By Finian Coghlan
ST DAVID’S Castle, which has stood guard over Naas for 800 years, has been sold by private treaty for an undisclosed sum. The announcement was mande at last week’s monthly meeting of the Naas Municipal District.
“It will need a lot of money because it’s in dire condition,” said Cllr Bill Clear.
“I would suggest a McAuley Place type of build, or restored to its former glory, with public realm housing [on the 1.2Ha (3ac) gardens.] What it doesn’t want is another carpark in there,” he added.
Cllr Seamie Moore told the meeting he had been reliably informed “by people in the trade…that it would cost up to €20m to get this [renovation] right”.
“I’m very worried about this…it’s like the Wooden Horse of Troy coming with a White Knight and I don’t like it,” said Cllr Moore, who worried that the council might eventually be saddled with its responsibility – despite the news this week.
“The castle would be a huge cost and burden, and we have enough on our hands at the moment…it is not a preserved building, but listed for preservation,” he pointed out.
He also remembered that its last inhabitant – Dr Jack Gibson, the former county surgeon of Kildare who died aged 95 in 2005 – had offered it for sale to Naas Town Council for €750,000 a few years before he died, but that “we couldn’t afford it.
Mairéad Hunt from the council’s planning section confirmed to the meeting that director of services Eoghan Ryan “has met with the new owner, and it is planned as a private dwelling…but we have plans for a cultural quarter in there”.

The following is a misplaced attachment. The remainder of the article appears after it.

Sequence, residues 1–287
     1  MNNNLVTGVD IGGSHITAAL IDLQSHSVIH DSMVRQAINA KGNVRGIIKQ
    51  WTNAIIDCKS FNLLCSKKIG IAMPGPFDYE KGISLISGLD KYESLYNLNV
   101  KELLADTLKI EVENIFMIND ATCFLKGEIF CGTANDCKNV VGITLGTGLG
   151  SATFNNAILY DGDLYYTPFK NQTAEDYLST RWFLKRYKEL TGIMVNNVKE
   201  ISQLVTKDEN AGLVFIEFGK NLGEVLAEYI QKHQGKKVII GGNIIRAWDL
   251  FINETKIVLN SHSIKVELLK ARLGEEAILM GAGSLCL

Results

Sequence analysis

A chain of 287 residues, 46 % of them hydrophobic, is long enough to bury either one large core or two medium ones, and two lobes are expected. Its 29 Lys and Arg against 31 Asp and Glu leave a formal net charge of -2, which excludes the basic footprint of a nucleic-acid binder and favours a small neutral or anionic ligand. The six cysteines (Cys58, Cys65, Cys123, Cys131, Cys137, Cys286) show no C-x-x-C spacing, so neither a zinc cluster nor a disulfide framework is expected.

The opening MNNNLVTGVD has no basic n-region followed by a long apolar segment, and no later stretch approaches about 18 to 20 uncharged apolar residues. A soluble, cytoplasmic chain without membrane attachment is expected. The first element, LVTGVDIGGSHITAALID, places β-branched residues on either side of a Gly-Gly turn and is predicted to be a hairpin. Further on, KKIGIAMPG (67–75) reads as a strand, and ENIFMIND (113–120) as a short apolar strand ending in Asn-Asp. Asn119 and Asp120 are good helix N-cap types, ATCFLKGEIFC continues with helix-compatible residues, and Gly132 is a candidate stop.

Cllr Anne Breen – whose motion on the castle uncovered its present situation – declared that: “it makes me so angry that no-one has done anything about it over the years”.
“Dr Gibson would’ve loved the council to have bought the castle for the town,” said Cllr Breen.
“That responsibility now transfers to the new owner,” Ms Hunt confirmed.
“It was unfortunate that Dr Gibson’s death was at the time of the crash, when we had neither the money nor the will to do so since. It is in bad nick, and that is a pity,” said cllr Fintan Brett.
It is believed the vendor was Straffan-based developer Sean McKenna, who purchased the listed property from the daughter of Dr Gibson.
Cllr Moore described Dr Gibson as “a man before his time” because of his pioneering work in using hypnotism in place of anaesthetics.
He used to welcome members of the Naas Historical Group to the castle on 1 March – St David’s Day – every year to raise the Welsh flag from its roof.
“The Castle was the pinnacle in Naas for centuries,” said Cllr Moore.
“He was a very entertaining man, there was nothing aloof about him, a very decent man who was thought of very highly by his Naas community,” said cllr Moore.
Curiously, in January 1971 Dr Gibson’s album on ***How To Stop Smoking***was the No 1 LP charts in Ireland.